Overly aggressive interpretations of the Freedom of Information Act also may inhibit certain private information sharing.
Washington does have a substantial cybersecurity role that entails protecting government’s own insecure networks and setting reasonable internal security standards. It involves arresting computer criminals, not cyber-regulating. It means making sure government doesn’t increase its own culpability in cybersecurity risk by instigating unwise information sharing. It’s too easy to undermine individual privacy in this age of proposed national ID cards, biometrics, RFID, and evolving cloud-computing and mobile-device information standards. People need to be able to say no to the wrong kind of government information collection.
Private sector experimentation in cybersecurity is messy but important. It’s needed to appreciate what counts as appropriate and inappropriate information sharing and strategies. Companies are automating and outsourcing security; biometrics are restricting access to critical facilities.
And fragile, frontier institutions of insurance and liability are emergent, and should not be improperly interrupted by CISPA’s immunity provisions.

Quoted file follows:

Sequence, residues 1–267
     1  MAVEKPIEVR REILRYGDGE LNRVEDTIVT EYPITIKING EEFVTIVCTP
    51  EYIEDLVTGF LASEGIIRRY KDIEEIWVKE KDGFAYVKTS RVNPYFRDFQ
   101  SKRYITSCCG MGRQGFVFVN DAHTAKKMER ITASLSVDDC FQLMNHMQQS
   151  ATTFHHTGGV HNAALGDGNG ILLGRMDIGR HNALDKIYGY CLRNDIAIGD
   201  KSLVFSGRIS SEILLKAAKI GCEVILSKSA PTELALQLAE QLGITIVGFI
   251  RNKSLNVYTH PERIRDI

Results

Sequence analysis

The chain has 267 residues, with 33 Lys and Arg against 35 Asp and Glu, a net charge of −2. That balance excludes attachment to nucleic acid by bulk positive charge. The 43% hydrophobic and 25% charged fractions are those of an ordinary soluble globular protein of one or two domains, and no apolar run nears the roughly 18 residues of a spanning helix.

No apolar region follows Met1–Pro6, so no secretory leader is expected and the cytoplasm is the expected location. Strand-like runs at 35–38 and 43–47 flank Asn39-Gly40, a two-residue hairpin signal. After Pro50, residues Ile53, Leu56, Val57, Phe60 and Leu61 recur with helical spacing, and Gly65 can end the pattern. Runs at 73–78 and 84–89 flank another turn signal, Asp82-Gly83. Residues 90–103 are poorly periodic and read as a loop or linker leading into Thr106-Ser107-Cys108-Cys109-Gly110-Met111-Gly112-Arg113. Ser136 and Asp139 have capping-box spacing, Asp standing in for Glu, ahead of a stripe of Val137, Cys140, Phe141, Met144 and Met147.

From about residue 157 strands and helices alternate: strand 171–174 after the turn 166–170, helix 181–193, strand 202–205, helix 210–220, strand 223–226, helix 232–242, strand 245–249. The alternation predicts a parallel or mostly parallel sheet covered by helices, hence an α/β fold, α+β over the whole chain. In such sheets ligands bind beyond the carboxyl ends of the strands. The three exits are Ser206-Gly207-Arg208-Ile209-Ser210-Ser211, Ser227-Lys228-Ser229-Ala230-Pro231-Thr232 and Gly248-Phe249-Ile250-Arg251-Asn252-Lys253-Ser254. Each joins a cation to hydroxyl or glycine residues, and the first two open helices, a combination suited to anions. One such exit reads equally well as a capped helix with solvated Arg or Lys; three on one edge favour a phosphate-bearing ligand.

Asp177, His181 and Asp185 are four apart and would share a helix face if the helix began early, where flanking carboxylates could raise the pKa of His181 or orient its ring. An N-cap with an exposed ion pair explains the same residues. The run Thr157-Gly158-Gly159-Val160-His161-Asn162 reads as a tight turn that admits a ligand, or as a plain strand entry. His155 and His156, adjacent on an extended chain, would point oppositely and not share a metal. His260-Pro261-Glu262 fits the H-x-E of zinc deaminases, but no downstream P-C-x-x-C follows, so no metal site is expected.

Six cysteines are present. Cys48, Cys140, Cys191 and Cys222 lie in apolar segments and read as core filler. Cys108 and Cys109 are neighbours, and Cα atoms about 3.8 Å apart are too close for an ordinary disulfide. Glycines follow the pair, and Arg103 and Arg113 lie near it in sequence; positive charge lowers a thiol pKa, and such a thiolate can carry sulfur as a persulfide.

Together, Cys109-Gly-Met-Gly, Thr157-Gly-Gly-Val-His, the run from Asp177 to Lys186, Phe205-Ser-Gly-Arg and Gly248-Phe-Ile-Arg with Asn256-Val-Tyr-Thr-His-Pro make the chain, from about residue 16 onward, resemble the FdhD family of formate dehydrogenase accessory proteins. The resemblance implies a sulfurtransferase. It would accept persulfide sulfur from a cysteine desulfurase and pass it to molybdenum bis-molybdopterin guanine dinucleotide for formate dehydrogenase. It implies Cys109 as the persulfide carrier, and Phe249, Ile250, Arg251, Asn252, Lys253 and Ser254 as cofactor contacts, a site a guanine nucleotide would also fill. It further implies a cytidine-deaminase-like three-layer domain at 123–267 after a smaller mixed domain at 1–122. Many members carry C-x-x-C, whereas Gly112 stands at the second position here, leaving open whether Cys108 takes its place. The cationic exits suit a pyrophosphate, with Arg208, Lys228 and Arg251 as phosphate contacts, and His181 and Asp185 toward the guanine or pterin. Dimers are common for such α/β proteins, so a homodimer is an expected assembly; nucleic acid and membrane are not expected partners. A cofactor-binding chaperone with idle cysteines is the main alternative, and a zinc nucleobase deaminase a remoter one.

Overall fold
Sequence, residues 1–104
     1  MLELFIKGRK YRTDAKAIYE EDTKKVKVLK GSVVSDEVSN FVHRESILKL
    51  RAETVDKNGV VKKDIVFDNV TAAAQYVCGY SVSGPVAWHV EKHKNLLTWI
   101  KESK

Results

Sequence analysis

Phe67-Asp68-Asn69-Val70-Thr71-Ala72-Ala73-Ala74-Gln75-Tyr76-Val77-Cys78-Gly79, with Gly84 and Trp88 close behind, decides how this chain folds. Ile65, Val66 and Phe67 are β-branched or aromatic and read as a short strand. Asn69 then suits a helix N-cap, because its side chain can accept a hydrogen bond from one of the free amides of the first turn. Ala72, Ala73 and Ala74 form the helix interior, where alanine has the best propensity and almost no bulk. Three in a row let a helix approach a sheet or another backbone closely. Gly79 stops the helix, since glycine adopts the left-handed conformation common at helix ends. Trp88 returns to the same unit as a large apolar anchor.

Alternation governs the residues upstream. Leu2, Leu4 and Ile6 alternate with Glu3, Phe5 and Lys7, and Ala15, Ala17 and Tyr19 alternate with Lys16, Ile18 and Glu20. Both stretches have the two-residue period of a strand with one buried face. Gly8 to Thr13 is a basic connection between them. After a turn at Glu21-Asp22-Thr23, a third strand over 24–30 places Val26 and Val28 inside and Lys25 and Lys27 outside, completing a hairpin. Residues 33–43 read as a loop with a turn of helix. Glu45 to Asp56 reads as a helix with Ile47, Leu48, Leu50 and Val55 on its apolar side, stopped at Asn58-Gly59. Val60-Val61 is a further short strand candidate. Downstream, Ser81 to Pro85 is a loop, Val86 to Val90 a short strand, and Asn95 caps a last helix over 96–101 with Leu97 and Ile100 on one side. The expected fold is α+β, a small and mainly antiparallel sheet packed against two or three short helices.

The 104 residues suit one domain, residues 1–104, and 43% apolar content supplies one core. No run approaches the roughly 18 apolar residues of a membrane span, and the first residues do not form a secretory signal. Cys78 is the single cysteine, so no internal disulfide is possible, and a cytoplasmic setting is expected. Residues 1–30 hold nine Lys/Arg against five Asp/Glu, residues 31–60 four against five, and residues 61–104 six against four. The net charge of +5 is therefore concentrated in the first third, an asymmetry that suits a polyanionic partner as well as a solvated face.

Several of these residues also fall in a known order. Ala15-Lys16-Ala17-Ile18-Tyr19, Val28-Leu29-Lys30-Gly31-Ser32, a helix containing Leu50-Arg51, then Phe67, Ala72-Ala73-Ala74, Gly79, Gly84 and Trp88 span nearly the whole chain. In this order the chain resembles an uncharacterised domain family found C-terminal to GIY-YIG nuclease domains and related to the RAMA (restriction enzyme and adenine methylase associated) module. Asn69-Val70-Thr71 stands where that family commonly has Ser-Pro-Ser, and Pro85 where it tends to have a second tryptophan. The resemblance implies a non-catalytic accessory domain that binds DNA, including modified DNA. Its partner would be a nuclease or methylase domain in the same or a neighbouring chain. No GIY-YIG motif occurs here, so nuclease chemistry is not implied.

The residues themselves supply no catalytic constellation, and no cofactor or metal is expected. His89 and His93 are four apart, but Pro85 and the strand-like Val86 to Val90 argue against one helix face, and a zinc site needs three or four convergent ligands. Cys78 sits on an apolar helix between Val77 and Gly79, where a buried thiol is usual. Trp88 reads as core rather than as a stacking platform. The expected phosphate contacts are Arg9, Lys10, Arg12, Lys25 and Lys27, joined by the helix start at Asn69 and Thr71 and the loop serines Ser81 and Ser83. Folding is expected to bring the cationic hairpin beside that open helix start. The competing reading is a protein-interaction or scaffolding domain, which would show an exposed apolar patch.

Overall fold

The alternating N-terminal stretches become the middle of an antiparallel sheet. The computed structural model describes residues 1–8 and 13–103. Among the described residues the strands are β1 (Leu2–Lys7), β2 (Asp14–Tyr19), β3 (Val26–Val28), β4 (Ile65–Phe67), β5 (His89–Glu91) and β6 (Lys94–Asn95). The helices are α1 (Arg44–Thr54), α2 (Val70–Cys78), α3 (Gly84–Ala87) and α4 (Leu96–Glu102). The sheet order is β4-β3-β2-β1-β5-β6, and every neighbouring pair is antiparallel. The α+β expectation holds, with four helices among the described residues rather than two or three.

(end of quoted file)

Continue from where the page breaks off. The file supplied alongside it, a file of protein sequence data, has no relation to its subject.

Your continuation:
Moreover, lessons learned from today’s parallel online privacy and digital piracy conflicts will inform cybersecurity more generally.
We do need to better distinguish between commercial and political anonymity. The tug of war between anonymity vs. authentication matters. Outlawing online anonymity was never an answer for cybersecurity and is a non-starter; but private sector “regulation” of anonymity via developing authentication technologies far more capable than those of today can be critical in commercial settings and aid cybersecurity. If we were building the Net from the ground up knowing what we know today, perhaps we might embed authentication at the core in a way absent today. Experimentation in that vein might do more good than the sharing approach of CISPA.
Whether a law is passed or not, few stand in any position to make security guarantees on an Internet with a built-in, open and trusting architecture.
So cybersecurity legislation mustn’t undermine the evolution needed to make such guarantees real. Information sharing as in CISPA can help a lot but isn’t the sole answer, and compulsion should be avoided; And neither immunity nor the also-proposed opposite approach of imposed liability are appropriate reactions. Yet both have been put into legislative language.
In critical infrastructure security and cybersecurity, we’ll always need the private sector’s door locks, barbed wire and guards more than we need the feds (apart from criminal prosecutions). The cybersecurity bill to affirm that principle has yet to appear.